Hey guys! We’re rounding back to Facebook today, because it’s kind of a big pain in the ass that’s also basically mandatory for small businesses, AND can be one of your strongest assets if managed correctly. But that’s easier said than done.
So let’s look at two Facebook-centric questions I’ve received.
Is social media really the way to reach/promote a small upstart “maker” type business? It seems so fleeting for lack of a better word. Take Facebook—I will see a post I feel is interesting and tell myself I’m going to look into that later. Seems when I go back, sometimes in just a few hours, it’s buried, or worse yet, I can’t even find it. If a potential customer has to deal with this in the instant world we live in, hasn’t that opportunity to engage a customer been missed?
—Social Thinker in CLE
I have a love-hate relationship with Facebook for my craft business. The new method of showing (or not showing) posts to followers… aaahhh!! What is your advice about working with the Facebook corporation? Is it worth it to pay to boost posts?
So, for starters, let’s lay it all out on the table. Facebook is not perfect. Facebook for Business is a lot of trial and error. And the minute you feel like you’ve got it all figured out, they’re going to change one tiny piece of code on the back end, and you’re going to lose your mind.
If you can accept this now, you will save yourself headaches, heartbreak, loads of time, and probably a mouthful of crow.
So how do you interact with this necessary evil that refuses to be tamed?
My suggestion is that at the start, you set the terms, not the goals. Facebook is goal-oriented and can very easily seduce you into pursuing 1000 likes. Or 15 shares. Or 3 dozen comments.
But they will thwart your efforts. And even when they don’t, pursuing those numbers will most likely result in too much of your time spent stalking your own page.
So set the terms. Decide that you want to share these 3 (or 5 or 7) things on Facebook next week and carve out a time on Friday to write/schedule those posts. And for the following week, rinse and repeat. Then, after a month or so, look at your analytics, try to determine which types of posts and which posting-times are most successful, and adjust to align with those.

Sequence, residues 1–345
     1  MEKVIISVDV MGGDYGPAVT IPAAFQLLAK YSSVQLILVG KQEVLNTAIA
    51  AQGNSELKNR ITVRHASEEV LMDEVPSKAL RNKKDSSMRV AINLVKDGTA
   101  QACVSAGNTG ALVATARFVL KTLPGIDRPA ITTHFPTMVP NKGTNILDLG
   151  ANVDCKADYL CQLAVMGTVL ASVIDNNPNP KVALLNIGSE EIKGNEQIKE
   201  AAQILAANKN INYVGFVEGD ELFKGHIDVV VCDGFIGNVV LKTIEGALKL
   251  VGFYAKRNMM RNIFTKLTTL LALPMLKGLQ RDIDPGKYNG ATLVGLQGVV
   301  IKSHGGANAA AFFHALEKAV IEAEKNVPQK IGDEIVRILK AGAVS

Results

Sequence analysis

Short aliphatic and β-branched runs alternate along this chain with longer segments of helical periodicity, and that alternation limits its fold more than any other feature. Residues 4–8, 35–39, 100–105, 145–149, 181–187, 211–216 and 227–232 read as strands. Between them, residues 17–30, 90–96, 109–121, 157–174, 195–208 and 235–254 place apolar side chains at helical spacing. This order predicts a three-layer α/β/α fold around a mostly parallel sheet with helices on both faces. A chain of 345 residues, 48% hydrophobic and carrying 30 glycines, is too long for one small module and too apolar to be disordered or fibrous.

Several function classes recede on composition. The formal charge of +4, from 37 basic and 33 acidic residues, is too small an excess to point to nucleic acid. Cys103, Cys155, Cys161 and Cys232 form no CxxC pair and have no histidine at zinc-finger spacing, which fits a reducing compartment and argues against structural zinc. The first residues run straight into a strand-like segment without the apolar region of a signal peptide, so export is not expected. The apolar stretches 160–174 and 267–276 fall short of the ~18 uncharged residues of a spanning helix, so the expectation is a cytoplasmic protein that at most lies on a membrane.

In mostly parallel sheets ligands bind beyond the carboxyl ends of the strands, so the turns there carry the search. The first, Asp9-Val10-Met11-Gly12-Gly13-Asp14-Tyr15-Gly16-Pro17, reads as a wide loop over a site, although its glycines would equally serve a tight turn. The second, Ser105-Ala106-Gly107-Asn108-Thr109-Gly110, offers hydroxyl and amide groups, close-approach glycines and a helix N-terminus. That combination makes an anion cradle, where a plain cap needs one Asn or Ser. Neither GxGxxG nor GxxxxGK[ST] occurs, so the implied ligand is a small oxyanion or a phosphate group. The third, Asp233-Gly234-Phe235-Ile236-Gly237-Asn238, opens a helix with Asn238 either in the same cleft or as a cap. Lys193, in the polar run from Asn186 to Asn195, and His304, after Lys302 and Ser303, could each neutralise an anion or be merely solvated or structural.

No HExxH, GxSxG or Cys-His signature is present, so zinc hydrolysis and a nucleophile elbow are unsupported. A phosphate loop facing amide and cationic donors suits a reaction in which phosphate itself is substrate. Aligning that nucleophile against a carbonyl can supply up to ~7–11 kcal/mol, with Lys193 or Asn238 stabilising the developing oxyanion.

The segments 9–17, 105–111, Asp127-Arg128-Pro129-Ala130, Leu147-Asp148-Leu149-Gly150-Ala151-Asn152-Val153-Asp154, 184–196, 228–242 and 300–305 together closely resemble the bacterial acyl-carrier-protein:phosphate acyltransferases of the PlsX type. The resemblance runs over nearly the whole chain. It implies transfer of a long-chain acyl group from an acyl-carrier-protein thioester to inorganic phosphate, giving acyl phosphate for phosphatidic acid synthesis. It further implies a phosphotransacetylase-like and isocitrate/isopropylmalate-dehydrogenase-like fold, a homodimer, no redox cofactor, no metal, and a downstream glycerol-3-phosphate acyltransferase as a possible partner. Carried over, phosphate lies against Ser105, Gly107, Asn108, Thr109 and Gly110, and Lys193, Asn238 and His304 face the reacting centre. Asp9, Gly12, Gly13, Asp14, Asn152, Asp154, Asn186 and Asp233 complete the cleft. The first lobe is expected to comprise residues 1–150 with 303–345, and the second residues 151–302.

Respond to comments/questions and Facebook messages within 24 hours, but otherwise, let it be.
If you’re interested in paying to boost posts, I would do so for posts that contain important information and/or have potential ROI (i.e. “Our grand-opening is THIS SATURDAY” or “Tickets for our exclusive event are ON SALE NOW” )
Also, engage other forms of social media. Facebook is not the be-all end-all. Instagram is more visual. Twitter is more forgiving (in that you can post more often without annoying your followers; you can’t get away with saying terrible, bad things on Twitter; Twitter is all about holding you accountable; but you’d never do that anyway).
So, in summation:
- Stop chasing likes/comments/shares
- Consolidate execution of your weekly Facebook posts by writing and scheduling them at once
- Utilize Facebook analytics to determine your best post types and post times
- Direct the energy your saving by not obsessing about Facebook into exploring other social media platforms like Instagram and Twitter
Over time, you will get more comfortable with Facebook and you’ll find your rhythm. But to get there, I think it’s necessary to pull back and set your own terms for engaging with the social media platform.
I mean, you run your own company. So don’t let Facebook run you.
As always guys, please use this form to submit your own questions for The Sarah Project!